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Should bloom strength change for different colors of same strength?

Engine Version 4.3.0 Preview

OS Win 8.1 Pro

GPU GeForce GTX 770, DirectX 11, Driver 337.88

I'm making a simple flashy game and just started blocking out the basic materials to see how I should drive them for the visual results I want. Below I have my super simple material, where I multiply the color to get a stronger emissive.

alt text

Here is the result I am getting for the following colors, in a pitch black level:

  • rgb(1,1,1)*3 = rgb(3,3,3) white

  • rgb(1,0,0)*3 = rgb(3,0,0) red

  • rgb(0,1,0)*3 = rgb(0,3,0) green

  • rgb(0,0,1)*3 = rgb(0,0,3) blue

  • rgb(0,1,1)*3 = rgb(0,3,3) turquoise

alt text

Note how the colors containing green blooms a lot earlier than red and blue. Below is a video showing when red and blue kicks in.


Is this related to how the engine calculates physical based materials? I expected different bloom for different colors, but with this it seems as if the bloom will come and go if I decide to dynamically switch colors during runtime.

I would like to know if I have to work around this by increasing the multiplier for some colors, or maybe there is another way to increase the bloom than this? I have used the post process volume, but it doesn't seem to do much else than increase bloom for all equally.

Maybe the effect won't be as noticeable when the whole level is up and running. I would like to understand how emissive colors are supposed to work, that's all.

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asked Jul 11 '14 at 07:47 PM in Rendering

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Hi Denny -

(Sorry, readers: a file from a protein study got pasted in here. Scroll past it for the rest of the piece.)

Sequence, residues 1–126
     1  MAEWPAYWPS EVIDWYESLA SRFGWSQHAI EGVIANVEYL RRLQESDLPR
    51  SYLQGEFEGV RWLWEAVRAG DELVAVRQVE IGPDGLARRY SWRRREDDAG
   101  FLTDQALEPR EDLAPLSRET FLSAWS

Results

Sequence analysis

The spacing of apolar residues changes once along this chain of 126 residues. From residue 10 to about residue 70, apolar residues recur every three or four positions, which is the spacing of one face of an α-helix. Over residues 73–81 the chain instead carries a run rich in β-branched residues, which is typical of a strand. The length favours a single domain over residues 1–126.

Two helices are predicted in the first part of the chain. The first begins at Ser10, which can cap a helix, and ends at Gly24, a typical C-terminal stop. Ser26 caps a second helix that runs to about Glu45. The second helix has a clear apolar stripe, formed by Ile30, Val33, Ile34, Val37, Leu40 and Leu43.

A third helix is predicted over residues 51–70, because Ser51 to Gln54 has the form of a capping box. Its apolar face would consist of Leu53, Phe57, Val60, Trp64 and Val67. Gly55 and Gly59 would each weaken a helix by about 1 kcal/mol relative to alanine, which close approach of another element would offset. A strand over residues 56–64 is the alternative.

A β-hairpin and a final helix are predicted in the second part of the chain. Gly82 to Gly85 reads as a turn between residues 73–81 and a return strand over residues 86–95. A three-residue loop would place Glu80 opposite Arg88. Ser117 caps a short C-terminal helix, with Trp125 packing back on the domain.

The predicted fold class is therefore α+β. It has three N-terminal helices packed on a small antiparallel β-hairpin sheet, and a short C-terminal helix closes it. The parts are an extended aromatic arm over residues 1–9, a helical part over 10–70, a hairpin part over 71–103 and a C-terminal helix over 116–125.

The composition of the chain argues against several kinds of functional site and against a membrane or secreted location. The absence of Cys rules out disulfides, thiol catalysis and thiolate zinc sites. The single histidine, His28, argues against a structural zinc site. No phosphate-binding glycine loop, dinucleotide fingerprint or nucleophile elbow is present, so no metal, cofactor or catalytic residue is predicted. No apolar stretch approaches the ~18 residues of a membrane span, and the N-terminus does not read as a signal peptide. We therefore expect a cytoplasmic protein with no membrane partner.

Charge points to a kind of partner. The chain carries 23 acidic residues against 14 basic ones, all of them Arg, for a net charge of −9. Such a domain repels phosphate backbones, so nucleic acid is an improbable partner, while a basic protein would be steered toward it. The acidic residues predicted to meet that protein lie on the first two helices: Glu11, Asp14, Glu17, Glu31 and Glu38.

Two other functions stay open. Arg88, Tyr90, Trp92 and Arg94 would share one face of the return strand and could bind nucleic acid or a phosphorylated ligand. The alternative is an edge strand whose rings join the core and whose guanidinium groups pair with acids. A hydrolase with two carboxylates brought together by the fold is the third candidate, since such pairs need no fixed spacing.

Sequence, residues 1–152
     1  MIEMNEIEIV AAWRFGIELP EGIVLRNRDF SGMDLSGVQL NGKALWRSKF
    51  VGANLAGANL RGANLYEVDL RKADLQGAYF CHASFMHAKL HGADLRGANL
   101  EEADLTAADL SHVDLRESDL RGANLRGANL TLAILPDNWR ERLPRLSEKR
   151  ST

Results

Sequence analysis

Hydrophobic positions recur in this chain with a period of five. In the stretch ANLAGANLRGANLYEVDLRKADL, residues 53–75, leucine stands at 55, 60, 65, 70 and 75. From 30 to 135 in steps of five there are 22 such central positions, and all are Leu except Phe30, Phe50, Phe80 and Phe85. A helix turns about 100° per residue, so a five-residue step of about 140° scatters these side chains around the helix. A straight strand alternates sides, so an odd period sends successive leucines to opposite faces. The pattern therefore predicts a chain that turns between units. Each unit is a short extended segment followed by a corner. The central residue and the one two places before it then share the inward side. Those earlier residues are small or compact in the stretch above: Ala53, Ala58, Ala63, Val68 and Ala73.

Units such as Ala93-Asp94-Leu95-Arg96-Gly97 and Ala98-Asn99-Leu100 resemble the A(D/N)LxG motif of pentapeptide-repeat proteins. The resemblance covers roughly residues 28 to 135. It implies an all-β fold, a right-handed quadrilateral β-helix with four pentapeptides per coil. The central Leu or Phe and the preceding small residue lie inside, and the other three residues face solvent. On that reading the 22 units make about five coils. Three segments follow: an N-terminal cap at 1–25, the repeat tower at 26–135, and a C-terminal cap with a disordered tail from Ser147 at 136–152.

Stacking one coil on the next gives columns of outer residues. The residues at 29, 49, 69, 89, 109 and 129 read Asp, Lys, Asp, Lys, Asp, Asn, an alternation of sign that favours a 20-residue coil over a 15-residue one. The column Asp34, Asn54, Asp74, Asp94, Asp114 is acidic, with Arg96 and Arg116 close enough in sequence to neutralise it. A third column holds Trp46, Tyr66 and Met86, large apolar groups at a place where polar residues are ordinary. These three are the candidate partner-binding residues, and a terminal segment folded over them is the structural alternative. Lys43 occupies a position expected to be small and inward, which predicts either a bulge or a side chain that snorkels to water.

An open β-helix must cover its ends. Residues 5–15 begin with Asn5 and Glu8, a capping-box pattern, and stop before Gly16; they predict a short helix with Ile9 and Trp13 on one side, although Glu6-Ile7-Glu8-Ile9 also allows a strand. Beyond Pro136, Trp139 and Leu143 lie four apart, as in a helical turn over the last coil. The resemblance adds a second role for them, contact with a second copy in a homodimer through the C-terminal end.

The Bloom that emissive elements generate is a part of the post process. It is also effected by Eye Adaption (Auto Exposure). If you go into your Post Process Volume and reduce the difference between the min and max Auto Exposure you will get a more controllable bloom effect.

However, Bloom is an effect generated by a sampling of the scene using 5 different resolutions of a Gaussian Blur. So in your example it is sampling black or nothing and blurring that with you emissive colors. Since White, Turquoise and Green have a higher contrast rate with black than both Red and Blue the Bloom effect show fast at lower emissive levels. Whereas Blue which has a relatively low contrast rate with Black takes a much higher value of emissive to allow the blur effect to show color.

Hopefully that helps you out,

Thank You

Eric Ketchum

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answered Jul 14 '14 at 03:36 PM

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Lovecraft_K ♦♦ STAFF
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avatar image Denny Jul 14 '14 at 10:15 PM

Thanks for the clarification Eric!

Just for future note; I had the Auto Exposure at 1.0, 1.0, 0.0 when recording the video. So it should only be the sampling that gives the current result.

avatar image Sidonas Jul 18 '18 at 08:09 PM

What I've been doing is Lerping between two brightness multipliers based on the amount of green in the color plus half the red, clamped to 0-1. alt text

bloomlerp.png (1.5 MB)
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